Rohingya insurgents say 10 found in Myanmar grave ‘innocent civilians’

Rohingya refugees walk along a bridge from no-man’s land to Bangladesh, at the Bangladesh-Myanmar border near Cox’s Bazar, Bangladesh January 12, 2018. (Reuters)
Updated 13 January 2018
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Rohingya insurgents say 10 found in Myanmar grave ‘innocent civilians’

YANGON: Rohingya Muslim insurgents said on Saturday that ten Rohingya found in a mass grave in Myanmar’s troubled Rakhine state last month were “innocent civilians,” and not members of their group.
Myanmar’s military said earlier this week its soldiers had killed 10 captured Muslim “terrorists” during insurgent attacks at the beginning of September, after Buddhist villagers had forced the captured men into a grave the villagers had dug.
It was a rare acknowledgment of wrongdoing by the Myanmar military during its operations in the western state of Rakhine.
The Arakan Rohingya Salvation Army (ARSA), whose raids against security posts starting last August sparked sweeping military operations in the Muslim-majority northern part of Rakhine, said it “whole-heartedly welcomes the admission” of “war crimes” by the “Burmese terrorist army.”
“We hereby declare that these ten innocent Rohingya civilians found in the said mass grave in Inn Din Village Tract were neither ARSA nor had any association with ARSA,” the group said in a statement on Twitter.
A Myanmar government spokesman said in response to ARSA’s statement that sometimes “terrorists and villagers were allied” in attacks” against security forces.
“We have already said it is very difficult to segregate who is a terrorist and who are innocent villagers,” spokesman Zaw Htay said. “There will be an ongoing investigating process whether they are members of ARSA or not.”
The Myanmar military did not immediately respond to requests for comment.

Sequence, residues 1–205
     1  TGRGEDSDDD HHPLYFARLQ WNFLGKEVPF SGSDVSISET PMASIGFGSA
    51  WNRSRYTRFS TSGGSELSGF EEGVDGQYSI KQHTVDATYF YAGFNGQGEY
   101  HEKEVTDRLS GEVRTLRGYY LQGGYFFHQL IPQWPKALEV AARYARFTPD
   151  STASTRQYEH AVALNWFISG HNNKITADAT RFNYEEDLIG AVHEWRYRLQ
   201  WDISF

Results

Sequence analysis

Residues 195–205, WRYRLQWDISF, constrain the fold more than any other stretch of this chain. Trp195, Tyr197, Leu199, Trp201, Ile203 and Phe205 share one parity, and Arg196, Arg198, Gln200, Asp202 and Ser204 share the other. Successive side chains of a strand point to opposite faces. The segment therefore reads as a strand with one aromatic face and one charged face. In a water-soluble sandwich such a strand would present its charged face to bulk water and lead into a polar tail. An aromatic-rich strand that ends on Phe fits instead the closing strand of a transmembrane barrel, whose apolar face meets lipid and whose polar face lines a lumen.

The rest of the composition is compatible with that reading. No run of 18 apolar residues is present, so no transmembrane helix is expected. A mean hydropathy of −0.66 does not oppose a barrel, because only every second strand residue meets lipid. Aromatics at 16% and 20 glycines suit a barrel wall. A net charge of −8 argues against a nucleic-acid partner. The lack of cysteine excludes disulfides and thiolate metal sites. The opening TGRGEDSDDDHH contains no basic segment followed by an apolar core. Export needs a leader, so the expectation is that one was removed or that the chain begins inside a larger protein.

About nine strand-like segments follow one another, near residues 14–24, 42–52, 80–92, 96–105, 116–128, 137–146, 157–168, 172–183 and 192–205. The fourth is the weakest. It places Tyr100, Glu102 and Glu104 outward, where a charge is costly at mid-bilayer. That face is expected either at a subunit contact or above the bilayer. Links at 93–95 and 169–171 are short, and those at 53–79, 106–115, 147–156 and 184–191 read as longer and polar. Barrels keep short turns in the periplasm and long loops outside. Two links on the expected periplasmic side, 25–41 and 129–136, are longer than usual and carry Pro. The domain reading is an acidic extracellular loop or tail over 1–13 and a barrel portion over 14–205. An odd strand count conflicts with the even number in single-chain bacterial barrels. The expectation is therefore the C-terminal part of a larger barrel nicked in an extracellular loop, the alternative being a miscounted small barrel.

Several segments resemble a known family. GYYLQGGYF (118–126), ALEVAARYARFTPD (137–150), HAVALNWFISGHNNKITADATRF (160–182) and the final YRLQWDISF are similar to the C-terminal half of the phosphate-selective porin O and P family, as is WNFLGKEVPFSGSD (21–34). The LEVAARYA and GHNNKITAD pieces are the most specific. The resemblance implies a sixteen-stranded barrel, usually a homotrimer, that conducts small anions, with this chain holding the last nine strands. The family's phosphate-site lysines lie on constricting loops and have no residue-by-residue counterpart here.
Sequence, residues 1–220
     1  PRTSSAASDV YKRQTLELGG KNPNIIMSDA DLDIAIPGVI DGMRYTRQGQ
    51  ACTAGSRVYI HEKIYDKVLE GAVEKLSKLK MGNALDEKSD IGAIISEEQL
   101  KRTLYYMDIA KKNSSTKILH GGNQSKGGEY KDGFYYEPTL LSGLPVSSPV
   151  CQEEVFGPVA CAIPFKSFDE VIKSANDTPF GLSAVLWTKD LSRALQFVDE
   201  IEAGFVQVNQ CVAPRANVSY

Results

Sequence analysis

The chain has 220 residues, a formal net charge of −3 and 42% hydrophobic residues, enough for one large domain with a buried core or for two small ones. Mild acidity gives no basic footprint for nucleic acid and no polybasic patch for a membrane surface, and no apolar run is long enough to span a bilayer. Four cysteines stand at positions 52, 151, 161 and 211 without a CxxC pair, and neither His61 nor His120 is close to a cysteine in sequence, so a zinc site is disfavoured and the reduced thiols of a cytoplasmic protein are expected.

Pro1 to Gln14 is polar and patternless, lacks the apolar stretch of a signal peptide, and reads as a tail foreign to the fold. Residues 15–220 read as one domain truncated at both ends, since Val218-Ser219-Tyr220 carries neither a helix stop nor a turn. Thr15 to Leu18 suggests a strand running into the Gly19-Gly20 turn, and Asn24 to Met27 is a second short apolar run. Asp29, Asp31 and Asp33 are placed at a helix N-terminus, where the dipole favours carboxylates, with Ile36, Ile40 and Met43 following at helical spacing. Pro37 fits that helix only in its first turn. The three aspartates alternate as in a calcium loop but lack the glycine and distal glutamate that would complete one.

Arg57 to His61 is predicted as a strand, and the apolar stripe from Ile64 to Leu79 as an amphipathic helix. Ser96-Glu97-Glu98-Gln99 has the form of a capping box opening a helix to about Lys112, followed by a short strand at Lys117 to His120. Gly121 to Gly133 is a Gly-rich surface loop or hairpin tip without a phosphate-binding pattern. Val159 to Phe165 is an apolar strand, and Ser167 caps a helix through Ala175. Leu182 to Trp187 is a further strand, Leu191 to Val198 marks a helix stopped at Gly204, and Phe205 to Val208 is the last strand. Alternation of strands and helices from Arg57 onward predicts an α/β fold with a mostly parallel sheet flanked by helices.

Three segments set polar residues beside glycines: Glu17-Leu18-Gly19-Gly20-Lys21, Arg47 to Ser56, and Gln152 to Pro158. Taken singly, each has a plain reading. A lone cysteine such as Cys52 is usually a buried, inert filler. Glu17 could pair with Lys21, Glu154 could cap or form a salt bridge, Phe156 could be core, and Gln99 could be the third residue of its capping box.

Myanmar’s civilian leader Aung San Suu Kyi said on Friday it was “positive” that the country’s military was taking responsibility for the actions of troops.
“It is a new step for our country,” she told a joint news conference with Japanese Foreign Minister Taro Kono in Myanmar’s capital of Naypyitaw.
“I see it that way because a country needs to take responsibility for the rule of law in the country, and this is the first step on the road of taking responsibility and it is a positive thing,” She said, according to a transcript of the news conference posted on her Facebook page.
On Dec. 18, the military announced a mass grave containing 10 bodies had been found at the coastal village of Inn Din, about 50 km (30 miles) north of the state capital Sittwe. The army appointed a senior officer to investigate.
A statement from the military on Wednesday said its investigation had found that members of the security forces had taken part in the killing and action would be taken against them.
The Rohingya crisis erupted after Rohingya insurgent attacks on security posts on Aug. 25 in Rakhine triggered a fierce military response that the United Nations denounced as ethnic cleansing.
Myanmar denies ethnic cleansing, saying its security forces had mounted legitimate counter-insurgency clearance operations.


Guantanamo prison takes on geriatric airs

Updated 20 October 2018
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Guantanamo prison takes on geriatric airs

  • The population still imprisoned at the military base in Cuba range from middle-aged to elderly